I've got it hanging up back there. So you can you can you can have that one. Nice Morgana merge. Tyler doesn't understand how these remote sessions work like we can't be in his bedroom right now. We're going to crawl through the computer screen. But, you know, speaking of the halo launch, we've got this conversation between Rahul of superhuman and kind of this conversation surrounding DHH is a I don't know, rant, pity party. I don't know what you would call it marketing. Marketing stunt maybe is a better word for not getting the iOS app approved for the App Store. You know, they're in the app store now, but Apple has told them they'll pull it from the app store because accepting it was a mistake. You know, we, Jordan and I it's so friendly happened to own another email client. Newton mail. It is sitting in the app store right now. We're doing fine. You know, there's rules, and you follow them. And it's a process. You know, I think the funny thing about the base camp guys arguing about whether they're they should pay a 30% fee to Apple is ironic to me considering how strong they are about well, you should charge for the service if you offer a service and, you know, if hub staff were completely free, I think people would question well, how are they affording that? are they selling my data? You know, like, what, what other way if you're not paying for the product, you are the product just kind of like the way that it's usually said. So, you know, we've talked about this like, all week long and this has been my Twitter feed is Is he right? Is he wrong? Is Apple right? Is Apple wrong? You know, what do you think about creating or stirring controversy to get people to look at your product? Is that is that slimy? Is it genius? You know, what's your what's your take on this? Tyler?
Tyler Sellhorn 26:52
Yeah, I'm, I'm not touching that.
Um, you know, you know, my question back to you all. is what's what's your Apple bill?
How much how what's what's, what's their cut? What's the cut that they
take? Yeah, y'all pay $99 a year for Apple dev account, and nothing else runs through? No, I mean, hub staff has a mobile app, right?
Tyler Sellhorn 27:17
Yeah, we do. And and our subscription is ran completely through our web application. So and that's because you follow the rules.
So why don't we just why don't we just cut to the chase? What I because I actually don't fully understand what is the way that you can get around the problem that they're getting in. So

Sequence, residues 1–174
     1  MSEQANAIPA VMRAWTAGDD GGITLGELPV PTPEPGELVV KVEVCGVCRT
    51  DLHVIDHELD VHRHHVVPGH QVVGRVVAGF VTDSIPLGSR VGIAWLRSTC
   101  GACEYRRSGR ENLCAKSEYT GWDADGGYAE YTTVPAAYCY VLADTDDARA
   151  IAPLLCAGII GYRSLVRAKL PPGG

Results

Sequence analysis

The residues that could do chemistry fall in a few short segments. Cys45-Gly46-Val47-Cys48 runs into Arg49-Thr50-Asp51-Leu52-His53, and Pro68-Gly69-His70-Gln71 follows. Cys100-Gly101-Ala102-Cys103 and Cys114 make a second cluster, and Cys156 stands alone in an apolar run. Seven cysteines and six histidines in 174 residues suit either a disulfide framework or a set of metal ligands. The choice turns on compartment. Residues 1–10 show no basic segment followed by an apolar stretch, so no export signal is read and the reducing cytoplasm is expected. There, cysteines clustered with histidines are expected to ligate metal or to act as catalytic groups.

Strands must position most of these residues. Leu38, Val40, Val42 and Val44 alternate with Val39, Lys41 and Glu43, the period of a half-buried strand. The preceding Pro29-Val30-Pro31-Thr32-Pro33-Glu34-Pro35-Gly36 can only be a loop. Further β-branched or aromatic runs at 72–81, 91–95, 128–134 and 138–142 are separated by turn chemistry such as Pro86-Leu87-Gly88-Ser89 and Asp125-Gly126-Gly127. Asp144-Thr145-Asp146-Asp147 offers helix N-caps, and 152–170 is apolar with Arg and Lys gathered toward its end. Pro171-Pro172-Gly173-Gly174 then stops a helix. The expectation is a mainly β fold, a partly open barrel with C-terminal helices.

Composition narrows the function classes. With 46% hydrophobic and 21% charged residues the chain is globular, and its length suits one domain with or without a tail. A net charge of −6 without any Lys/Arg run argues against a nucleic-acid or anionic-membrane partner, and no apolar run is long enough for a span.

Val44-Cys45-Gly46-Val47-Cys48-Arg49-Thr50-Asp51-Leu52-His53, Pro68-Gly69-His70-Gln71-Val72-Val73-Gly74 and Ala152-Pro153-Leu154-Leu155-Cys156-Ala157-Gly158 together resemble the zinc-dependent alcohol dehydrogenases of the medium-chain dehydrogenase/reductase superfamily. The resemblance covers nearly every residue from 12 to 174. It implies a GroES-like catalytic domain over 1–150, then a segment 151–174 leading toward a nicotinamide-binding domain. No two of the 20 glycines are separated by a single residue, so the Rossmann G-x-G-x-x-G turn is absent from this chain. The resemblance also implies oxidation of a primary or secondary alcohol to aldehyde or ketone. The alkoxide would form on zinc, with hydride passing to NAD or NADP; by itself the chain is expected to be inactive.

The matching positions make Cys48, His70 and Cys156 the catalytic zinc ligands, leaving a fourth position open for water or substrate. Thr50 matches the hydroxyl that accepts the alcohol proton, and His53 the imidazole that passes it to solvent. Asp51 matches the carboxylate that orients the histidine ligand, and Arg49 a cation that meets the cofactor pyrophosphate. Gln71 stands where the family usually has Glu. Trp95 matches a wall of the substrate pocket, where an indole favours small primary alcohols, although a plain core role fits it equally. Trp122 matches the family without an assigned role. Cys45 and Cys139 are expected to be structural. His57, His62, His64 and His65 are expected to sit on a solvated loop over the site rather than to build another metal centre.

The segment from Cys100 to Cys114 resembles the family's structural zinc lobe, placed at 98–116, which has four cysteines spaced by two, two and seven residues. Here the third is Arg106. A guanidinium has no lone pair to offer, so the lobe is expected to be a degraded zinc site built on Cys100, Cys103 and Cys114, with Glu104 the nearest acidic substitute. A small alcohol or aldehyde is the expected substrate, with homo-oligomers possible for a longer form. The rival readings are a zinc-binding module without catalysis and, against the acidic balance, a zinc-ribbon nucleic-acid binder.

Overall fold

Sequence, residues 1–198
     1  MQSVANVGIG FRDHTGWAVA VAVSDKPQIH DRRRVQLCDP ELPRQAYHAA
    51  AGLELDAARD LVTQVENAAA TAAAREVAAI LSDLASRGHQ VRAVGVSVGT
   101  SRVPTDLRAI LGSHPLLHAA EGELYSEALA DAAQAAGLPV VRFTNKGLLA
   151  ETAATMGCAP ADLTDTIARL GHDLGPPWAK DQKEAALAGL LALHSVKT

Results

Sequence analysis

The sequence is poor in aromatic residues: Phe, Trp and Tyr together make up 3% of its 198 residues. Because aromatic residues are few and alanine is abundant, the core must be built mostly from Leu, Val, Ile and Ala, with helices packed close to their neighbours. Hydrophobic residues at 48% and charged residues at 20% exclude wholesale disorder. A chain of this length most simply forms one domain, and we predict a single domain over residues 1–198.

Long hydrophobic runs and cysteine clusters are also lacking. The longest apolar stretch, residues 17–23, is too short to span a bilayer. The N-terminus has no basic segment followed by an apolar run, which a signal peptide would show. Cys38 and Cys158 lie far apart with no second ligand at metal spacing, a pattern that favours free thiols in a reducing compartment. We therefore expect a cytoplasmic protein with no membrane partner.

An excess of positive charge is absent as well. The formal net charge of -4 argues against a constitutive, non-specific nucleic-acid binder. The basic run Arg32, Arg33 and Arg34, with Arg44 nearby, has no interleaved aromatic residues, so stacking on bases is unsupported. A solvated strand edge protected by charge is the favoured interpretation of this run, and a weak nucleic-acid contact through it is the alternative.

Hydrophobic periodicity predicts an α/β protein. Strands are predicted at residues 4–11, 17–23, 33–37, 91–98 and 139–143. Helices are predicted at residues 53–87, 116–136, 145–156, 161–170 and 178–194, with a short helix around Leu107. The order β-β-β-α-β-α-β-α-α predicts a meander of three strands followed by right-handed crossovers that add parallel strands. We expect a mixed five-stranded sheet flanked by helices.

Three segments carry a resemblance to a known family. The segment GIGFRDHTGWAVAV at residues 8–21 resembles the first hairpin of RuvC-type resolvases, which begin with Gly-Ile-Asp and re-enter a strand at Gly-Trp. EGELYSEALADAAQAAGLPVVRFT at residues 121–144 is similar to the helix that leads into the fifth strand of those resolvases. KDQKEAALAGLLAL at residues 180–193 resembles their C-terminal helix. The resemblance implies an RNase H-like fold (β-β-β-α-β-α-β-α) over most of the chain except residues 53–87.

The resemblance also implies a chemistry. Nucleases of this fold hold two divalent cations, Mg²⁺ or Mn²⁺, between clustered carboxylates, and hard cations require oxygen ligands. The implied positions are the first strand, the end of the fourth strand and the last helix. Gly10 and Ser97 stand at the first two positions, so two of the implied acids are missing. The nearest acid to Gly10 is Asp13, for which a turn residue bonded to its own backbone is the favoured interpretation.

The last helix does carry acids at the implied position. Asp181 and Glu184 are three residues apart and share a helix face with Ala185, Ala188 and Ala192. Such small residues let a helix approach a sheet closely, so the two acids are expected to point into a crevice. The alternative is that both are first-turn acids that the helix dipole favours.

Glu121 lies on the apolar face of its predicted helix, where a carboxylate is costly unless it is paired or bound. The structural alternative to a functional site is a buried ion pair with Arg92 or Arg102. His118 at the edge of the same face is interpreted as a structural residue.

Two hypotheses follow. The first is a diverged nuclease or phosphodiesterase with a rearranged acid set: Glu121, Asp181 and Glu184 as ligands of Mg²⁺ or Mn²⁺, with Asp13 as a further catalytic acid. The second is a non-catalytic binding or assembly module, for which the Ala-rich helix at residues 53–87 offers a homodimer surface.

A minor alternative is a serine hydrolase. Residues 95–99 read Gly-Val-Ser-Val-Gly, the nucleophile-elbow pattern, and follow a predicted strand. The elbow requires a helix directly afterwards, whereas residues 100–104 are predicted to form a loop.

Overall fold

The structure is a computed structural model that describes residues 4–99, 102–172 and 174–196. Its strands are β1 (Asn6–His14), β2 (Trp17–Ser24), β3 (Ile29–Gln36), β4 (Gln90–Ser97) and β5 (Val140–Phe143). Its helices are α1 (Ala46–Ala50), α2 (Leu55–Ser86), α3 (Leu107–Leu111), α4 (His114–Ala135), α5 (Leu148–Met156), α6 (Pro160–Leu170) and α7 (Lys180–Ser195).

the basic way is that you need to offer a way for someone to upgrade to the app, or you need to be a reader style app, or you need to offer full functionality in the app without requiring someone to upgrade. Now b2b apps which have staff would definitely fall under because it's like 100% of b2b app, Newton, maybe toes the line a little bit because it has kind of a consumer, you know, can use yahoo.com email addresses work in it, I'm sure there's like consumers that use Newton. The difference there is that we allow someone to sign up, and that they can use the app forever with some level of functionality. Now they can go online, and they can upgrade and they can get extended functionality. But when he launched, they didn't give any functionality you can't sign up. And even if you don't have a subscription, you can't use it. It's essentially a useless app. So Phil Shiller's entire feedback point is like, we don't want apps in the app store that just do nothing like it should do something when you sign up when you sign in. You know, so they knew what they were doing. I mean, I think that's the basic feedback and what Rahul is kind of saying here is we just dealt with it calmly and quietly, you know, they made and they made noise for the sake of making noise. Jordan, do you have strong thoughts on this? Because Tyler's bout, yeah. I
it's like I don't even know I get that like the marketing side of it, but it looks so bad like I love rubles comment here like we just dealt with it calmly quietly it's so classy the right way to go about it. Like there's other things to argue in life the way that I think about it like imagine you just go into someone's house and then being like, well your house or shit like I don't like it here even like, Okay my dad, like leave my house. Yeah, exactly. Well, I guess that's part of their their thing too, that I read about is like, you don't have another option. If you want to be on an iPhone, you don't have another option you can't download from anywhere else. So and that's what they want is the option to be able to say yes, I want to go away from the App Store. But the reason why I pulled this in is because the argument is like if you don't go that route, then you're not successful, but superhuman has done it's it's not only another successful company that's doing just fine. But they're literally another email. It's not an email client, but they're, you know, whatever, what they're in the same field, and they're doing just fine following the rules. And for those founders out there that are listening in the startup owners, is, you don't argue with Apple, you just calmly quietly just actually talk to them. Sometimes. We've actually gotten the advice of just resubmitting it because you'll get a different every reviewer, and now that they've dug their heels so nicely.
Unknown Speaker 30:07
Now Apple salad is a duck they had was they made a news release about it, Apple is setting precedent. So as soon as so if Apple reverses on them, they're opening themselves up to a whole slew of law, they definitely could have done this in a calm way. And it probably would have had a very different outcome, but it's not as buzzword they no one's gonna be talking about that mean
Tyler Sellhorn 30:24
that that's, that's not DHH his style. He's, you know, and like, you know, good on them for being trailblazers in doing something new in a brand new way that is privacy focus that I mean, if you could think of the the exact opposite of superhuman in an email client, right? It's Hey, calm. Yeah. Right. So I mean, the reason why, you know, Rahul and superhuman are dealing with it calmly and quietly is because they are the antithesis of what What you know